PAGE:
HP confirms Printing and Personal Systems Group

Zac Butcher
Mar 21, 2012

Updated — March 21st

HP has today confirmed the reports in the Wall Street Journal and Reuters. The Imaging and Printing Group (IPG) and the Personal Systems Group (PSG) will be combined into a new business unit, namely the Printing and Personal Systems Group, to be led by Todd Bradley.  Vyomesh Joshi (VJ), the current executive vice president of IPG, is to retire from HP after a 31-year career with the company. This is an interesting, if not entirely unexpected development. Both areas of the business are under pressure; PSG from the rise of mobile computing, IPG from the rise of mobile computing. But that is where the similarity ends.

The threats to PSG and IPG stem from the same source but the implications are different. PC sales are being eroded by mobile computing devices. There is nothing stopping PSG from making and selling these alternative computing devices. The biggest challenge to date appears to have been themselves but PSG can still respond to the changing hardware trends. It tried with the TouchPad running WebOS, it could try again, perhaps with Windows 8 tablets or even Android. It is too early to tell if HP’s plan to make WebOS an open source operating system will gain any traction. HP is already in the Ultrabook category. It is clear that there are ways to respond to the mobility of computing trend. Whether HP can be do so profitably is another issue but PSG’s hands are not tied and the market is still young.

IPG is facing something more disruptive in terms of the core consumer and office printing business. The benefit that a printer delivers, namely display of content on a page, is being replaced by mobile display technology. Also, the incremental improvements for consumer and office printers are minor with little reason for people to upgrade.  IPG saw this trend coming and has been repositioning upstream into the more lucrative production and professional print space for some time. VJ has often spoken about the opportunity for selling gallons of ink rather than millilitres. The longer term concern for IPG, of course, is that tablets and other mobile devices will reduce the demand for print in the publishing, transaction and promotional markets.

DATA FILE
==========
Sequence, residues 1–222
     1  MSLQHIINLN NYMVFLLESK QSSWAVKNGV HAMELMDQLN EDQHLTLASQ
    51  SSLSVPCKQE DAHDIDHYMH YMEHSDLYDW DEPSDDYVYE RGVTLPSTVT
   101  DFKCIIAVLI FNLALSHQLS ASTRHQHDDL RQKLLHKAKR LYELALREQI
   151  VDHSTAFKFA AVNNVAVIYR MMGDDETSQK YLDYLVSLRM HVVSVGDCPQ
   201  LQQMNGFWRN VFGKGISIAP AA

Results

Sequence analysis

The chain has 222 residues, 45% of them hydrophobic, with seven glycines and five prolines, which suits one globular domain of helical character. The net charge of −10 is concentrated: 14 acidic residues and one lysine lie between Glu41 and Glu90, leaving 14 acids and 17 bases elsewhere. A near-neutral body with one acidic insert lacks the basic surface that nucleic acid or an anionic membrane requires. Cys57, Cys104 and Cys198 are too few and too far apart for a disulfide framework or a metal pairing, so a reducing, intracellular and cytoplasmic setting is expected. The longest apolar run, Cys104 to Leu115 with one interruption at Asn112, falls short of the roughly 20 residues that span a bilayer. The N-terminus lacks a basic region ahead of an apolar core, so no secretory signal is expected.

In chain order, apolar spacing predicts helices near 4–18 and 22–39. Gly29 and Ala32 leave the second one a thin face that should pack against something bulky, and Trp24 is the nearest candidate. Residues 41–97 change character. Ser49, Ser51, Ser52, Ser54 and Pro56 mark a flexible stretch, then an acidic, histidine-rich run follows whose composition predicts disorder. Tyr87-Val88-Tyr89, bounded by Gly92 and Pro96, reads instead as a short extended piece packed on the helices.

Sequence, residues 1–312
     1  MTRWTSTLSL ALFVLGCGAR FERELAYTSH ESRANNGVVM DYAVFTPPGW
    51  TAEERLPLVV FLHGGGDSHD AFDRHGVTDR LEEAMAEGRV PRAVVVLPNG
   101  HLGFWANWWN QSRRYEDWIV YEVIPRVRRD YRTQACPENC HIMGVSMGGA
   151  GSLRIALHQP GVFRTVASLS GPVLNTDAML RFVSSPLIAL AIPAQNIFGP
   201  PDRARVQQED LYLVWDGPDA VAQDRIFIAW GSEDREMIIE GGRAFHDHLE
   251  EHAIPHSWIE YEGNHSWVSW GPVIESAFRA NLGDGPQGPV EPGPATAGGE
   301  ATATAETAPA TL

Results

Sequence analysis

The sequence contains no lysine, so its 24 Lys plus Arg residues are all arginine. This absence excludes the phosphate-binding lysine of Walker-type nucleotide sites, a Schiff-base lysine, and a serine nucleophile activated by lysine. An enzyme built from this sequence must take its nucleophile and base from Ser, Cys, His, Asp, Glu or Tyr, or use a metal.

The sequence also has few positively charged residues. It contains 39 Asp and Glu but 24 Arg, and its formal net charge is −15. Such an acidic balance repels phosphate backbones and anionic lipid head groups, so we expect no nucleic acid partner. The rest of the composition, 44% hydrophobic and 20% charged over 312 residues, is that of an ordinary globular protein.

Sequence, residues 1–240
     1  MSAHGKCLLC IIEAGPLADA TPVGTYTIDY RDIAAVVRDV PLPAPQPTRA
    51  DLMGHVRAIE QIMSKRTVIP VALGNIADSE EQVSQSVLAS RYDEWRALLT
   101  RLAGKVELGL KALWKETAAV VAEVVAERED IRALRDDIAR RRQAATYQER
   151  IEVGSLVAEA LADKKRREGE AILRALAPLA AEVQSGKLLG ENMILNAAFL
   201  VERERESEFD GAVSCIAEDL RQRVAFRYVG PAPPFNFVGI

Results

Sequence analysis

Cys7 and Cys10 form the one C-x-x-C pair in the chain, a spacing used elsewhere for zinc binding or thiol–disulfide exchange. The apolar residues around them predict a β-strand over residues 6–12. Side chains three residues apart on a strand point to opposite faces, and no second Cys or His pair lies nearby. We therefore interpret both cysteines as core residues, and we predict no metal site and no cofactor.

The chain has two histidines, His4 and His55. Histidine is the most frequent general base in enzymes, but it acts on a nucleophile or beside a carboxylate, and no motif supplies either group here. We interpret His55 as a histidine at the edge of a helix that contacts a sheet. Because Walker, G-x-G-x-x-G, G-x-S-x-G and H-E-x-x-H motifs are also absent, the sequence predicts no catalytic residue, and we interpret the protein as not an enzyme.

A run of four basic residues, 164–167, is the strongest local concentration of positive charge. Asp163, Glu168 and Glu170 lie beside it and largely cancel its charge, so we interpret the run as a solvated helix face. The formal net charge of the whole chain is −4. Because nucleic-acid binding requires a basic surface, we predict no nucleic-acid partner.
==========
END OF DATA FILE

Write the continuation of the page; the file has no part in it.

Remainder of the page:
Meg Whitman paid tribute to VJ’s enormous contribution to HP stating that “VJ embodies the spirit of HP and his impact on the company has been tremendous”. Having risen through the ranks, VJ has led IPG from $19 billion to $26 billion in revenue, doubling operating profit to approx. $4 billion. Whilst this latest development may see HP benefit from some cost reductions, a rationalized go-to-market approach, consolidated supply chains and synergies in customer support, HP is also losing significant leadership talent. VJ had the vision to lead HP into the production print market through strategic acquisitions (Indigo, Scitex Vision, etc.) and internal development. VJ, who was one of the early engineers on HP’s thermal inkjet technology for office and personal printing, has seen the technology scale all the way up to the HP Inkjet Web Press for books, statements and direct mail. Anyone who has had the pleasure of meeting VJ, or listening to him speak, will attest to the charisma, energy and vision that he brought not only to HP but to the industry as a whole.

The motivation for the changes are a combination of efficiency gains and a drive for more synergistic future innovation and development.  These synergies certainly existed in the old world. PCs and printers have been synonymous since day one but in the new world these levels of synergy appear to be in decline. Whilst some of the sales channels remain the same the products are no longer so closely linked. If you’re in any doubt, how many of the three million people that unboxed a new iPad last weekend have decided that what they really need next is a new printer? This iteration of the iPad is mostly about the Retina display. Competitors will follow suit. Display is only going to get better (thinner, lighter, less glare, less power). In this context it strikes me that a new printer is going be pretty far down the list of peripheral items people will be considering.

From a consumer and office perspective it is too early to tell how effectively a combined group can address the differing implications mobility presents for HP’s PC business and the printer and supplies business. From a professional print perspective it is not immediately obvious what the advantages for an HP Indigo B2 format press might be within the Printing and Personal Systems Group. What is clear is that HP faces challenges and Meg Whitman is certainly moving swiftly to address them.  As analysts we always reserve judgment until the full explanation of changes and how things will work in practice are available.  We will do so in this case.  Stay tuned.


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